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Steve A. Kay

Researcher ID

Profile
1981B.Sc.; University of Bristol, UK (Biochemistry)
1984Ph.D.; University of Bristol, UK (Biochemistry)
1985-1989Postdoctoral Fellow; The Rockefeller University, USA
1989-1991Assistant Professor; The Rockefeller University, USA
1992-1995Assistant Professor; University of Virginia, USA
1995-1996Associate Professor (tenured); University of Virginia, USA, Associate Professor; University of Virginia Medical School, USA
1996-1998Associate Professor; The Scripps Research Institute, USA
1999-2004Director; Discovery Research, Genomics Institute of the Novartis Research Foundation, USA
2002-2003Founder; Chief Technology Officer and Senior Vice President, Phenomix Corporation, USA
2000-presentAdjunct Professor; University of California, San Diego, USA
2001-2007Director; Institute for Childhood and Neglected Diseases, The Scripps Research Institute, USA
1998-2007Professor; The Scripps Research Institute, USA
2004-2007Chairman; Scripps Florida Steering Committee, USA
2005-2007Chairman; The Scripps Research Institute, USA
2007-2012Professor; University of California, San Diego, USA
2007-2012Richard C. Atkinson Chair in the Biological Sciences, USA
2007-2012Dean; Division of Biological Sciences, University of California, San Diego, USA
2009-presentAdjunct Professor; Salk Institute for Biological Studies, USA
2012-presentProfessor; University of Southern California, USA
2012-presentDean; Dornsife College of Letters, Arts and Sciences, University of Southern California, USA
2014-presentOverseas PI; WPI-ITbM, Nagoya University

Steve A. Kay (57) University of Southern California, USA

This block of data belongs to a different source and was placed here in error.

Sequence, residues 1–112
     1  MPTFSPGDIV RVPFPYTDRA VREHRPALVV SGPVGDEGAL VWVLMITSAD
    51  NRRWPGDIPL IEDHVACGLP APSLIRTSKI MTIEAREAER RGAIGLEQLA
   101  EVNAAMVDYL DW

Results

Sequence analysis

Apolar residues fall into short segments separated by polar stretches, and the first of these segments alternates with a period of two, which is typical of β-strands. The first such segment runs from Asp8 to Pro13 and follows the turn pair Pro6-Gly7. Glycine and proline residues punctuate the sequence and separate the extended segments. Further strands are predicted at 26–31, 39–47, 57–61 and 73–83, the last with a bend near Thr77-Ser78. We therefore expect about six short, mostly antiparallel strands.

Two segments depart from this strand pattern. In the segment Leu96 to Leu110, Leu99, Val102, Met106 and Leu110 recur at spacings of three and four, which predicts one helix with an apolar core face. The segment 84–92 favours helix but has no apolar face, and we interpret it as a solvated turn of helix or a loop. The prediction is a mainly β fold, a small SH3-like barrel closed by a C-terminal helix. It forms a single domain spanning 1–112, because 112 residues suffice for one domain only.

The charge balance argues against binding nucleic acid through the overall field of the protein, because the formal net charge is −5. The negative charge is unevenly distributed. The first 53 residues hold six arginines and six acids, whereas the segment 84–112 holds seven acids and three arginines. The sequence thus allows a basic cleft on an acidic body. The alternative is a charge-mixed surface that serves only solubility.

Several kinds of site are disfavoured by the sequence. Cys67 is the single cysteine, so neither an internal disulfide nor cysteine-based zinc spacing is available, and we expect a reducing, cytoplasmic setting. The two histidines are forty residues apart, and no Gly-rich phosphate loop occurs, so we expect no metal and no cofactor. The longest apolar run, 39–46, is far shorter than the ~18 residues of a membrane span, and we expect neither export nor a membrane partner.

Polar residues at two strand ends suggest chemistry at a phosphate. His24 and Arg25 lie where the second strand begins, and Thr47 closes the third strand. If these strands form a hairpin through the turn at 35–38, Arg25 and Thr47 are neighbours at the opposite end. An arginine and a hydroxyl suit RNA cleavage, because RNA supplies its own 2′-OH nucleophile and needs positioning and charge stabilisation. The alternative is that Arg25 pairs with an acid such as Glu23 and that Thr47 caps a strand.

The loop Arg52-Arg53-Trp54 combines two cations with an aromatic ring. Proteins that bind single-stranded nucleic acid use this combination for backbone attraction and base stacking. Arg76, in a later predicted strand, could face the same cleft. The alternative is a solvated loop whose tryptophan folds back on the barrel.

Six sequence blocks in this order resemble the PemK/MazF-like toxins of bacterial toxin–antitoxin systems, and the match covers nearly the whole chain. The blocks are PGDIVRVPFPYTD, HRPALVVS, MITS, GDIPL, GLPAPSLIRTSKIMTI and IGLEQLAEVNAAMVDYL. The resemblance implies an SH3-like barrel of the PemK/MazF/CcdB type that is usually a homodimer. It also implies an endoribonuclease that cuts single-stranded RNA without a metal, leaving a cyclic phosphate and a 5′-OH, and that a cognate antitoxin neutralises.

Website

Biological clock, systems biology

By using the resources of clock modifying compounds and genes in combination with state-of-the-art technologies at ITbM, the Kay-Hirota group aims to discover "transformative bio-molecules" that will revolutionize clock research and ultimately benefit human health. A unique combination of molecular, genetic, genomic, biochemical, and chemical biology approaches will allow us to reveal key regulatory processes of the circadian clock and define molecular links between the clock and rhythmic regulation of physiology and behavior. Proof-of-concept chemical probes will provide useful tools to control clock function in a conditional manner and also act as starting points for developing therapeutics for circadian clock-related disorders.

Research Highlights

Selected Awards and Honors

2015 Thomson Reuters "Most Influential Scientific Minds"
2014Thomson Reuters Highly Cited Researcher
2014Honorary D.Sc. degree, University of Bristol, UK
2011Martin Gibbs Medal, American Society of Plant Biology
2010UCSD Chancellor's Associates Faculty Award for Excellence in Research
2009Elected Fellow, American Association for the Advancement of Sciences (AAAS)

Selected Publications

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